Federal High Court Revokes Abdulrasheed Maina’s Bail, Issues Bench Warrant
The court had, on Nov. 25, 2019, admitted Maina to a bail in the sum of N1 billion with two sureties who must be serving senators.
The judge ruled that the two sureties, who must be prepared for a N500 million bond each, must always be in court with the defendant at each adjourned date.
He added that the sureties should not have a criminal case pending in any court and must have landed property fully developed in Maitama, Asokoro, Wuse II, Katampe or Central Business Districts of Abuja, with Certificate of Occupancy attached as evidence.
He also ruled that the senators though would always come to the court at every adjourned date, the lawmakers only needed to come and sign a court register that would be opened at the registry, among other terms.
The judge said the conditions were hinged on the anti-corruption agency’s allegations that Maina had multiple international passports and that prior to his arrest, he sneaked into the country from Niger Republic, among others.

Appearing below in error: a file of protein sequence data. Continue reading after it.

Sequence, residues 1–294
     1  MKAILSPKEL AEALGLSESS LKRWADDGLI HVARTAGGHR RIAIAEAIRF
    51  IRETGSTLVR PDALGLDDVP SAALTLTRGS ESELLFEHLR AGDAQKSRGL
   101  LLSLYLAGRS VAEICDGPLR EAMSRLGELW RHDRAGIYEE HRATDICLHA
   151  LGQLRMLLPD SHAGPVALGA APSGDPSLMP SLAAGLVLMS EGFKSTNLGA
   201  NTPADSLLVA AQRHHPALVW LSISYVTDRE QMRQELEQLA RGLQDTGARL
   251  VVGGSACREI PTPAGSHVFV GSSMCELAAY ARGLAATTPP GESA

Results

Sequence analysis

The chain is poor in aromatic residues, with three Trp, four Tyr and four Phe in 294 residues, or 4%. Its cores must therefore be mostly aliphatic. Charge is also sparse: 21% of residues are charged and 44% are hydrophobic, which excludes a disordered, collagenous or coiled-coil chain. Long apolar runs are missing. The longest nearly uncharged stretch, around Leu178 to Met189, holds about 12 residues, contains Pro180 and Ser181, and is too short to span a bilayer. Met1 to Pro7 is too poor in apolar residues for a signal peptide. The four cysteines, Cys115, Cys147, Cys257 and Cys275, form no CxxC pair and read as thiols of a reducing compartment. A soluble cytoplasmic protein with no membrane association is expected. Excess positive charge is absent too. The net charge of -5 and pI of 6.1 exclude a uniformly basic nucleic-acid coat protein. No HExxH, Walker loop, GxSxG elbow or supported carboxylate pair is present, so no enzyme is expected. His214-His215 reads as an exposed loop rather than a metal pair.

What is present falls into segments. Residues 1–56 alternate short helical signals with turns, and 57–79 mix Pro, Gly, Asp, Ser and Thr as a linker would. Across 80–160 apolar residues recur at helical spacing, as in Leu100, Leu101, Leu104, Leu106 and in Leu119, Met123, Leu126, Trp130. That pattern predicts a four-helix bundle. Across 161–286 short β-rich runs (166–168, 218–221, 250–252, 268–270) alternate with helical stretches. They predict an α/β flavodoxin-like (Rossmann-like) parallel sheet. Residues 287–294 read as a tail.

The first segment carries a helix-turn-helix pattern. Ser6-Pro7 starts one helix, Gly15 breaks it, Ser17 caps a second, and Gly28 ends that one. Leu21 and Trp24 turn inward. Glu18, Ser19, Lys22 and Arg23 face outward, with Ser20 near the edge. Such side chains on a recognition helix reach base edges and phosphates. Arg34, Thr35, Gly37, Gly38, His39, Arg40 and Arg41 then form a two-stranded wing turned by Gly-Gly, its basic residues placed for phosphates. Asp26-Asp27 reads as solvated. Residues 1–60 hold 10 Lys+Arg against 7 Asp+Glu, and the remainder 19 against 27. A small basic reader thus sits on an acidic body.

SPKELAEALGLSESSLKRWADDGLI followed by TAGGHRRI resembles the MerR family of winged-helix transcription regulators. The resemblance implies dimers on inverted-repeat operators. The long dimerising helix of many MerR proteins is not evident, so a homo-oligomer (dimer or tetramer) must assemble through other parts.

But due to his inability to meet the bail terms, Justice Abang, on Jan. 29, further varied the bail conditions.
Sen. Ali Ndume, who represents Borno South Senatorial District where Maina hails from, decided to depose to an affidavit to always bring him to court at every adjourned date or forfeit the N500 million bail bond.
However, after Maina’s release, he had been absent from court since the trial resumed on Sept. 29, even though Ndume was always in court.
The senator had, on Oct. 2, told the court that he did not know Maina’s whereabouts.
At the resumed trial on Wednesday, the EFCC’s Lawyer, Mohammed Abubakar, said though the matter was for further cross examination of PW6, “in view of the absence of the 1st defendant (Maina) in court, we apply that the matter should proceed in his absentia.”
“This application is brought pursuant to Section 352(4) of ACJA 2015.
“It our humble submission that from this provision, there are only two conditions to be met for the grant of the application.
“First, the defendant who is absent from court is on bail and he is absent without reasonable explanation .
“Secondly, there shall be two court sittings without the presence of the defendant and without reasonable explanation,” he said.
Also, Agbo prayed the court to give Ndume another opportunity to make arrangement for his legal representation.
In his ruling, Justice Abang, said it was disheartening that Joe Gadzama, SAN, who represented Maina earlier was not in court to see that the defendant he canvassed for had jumped bail.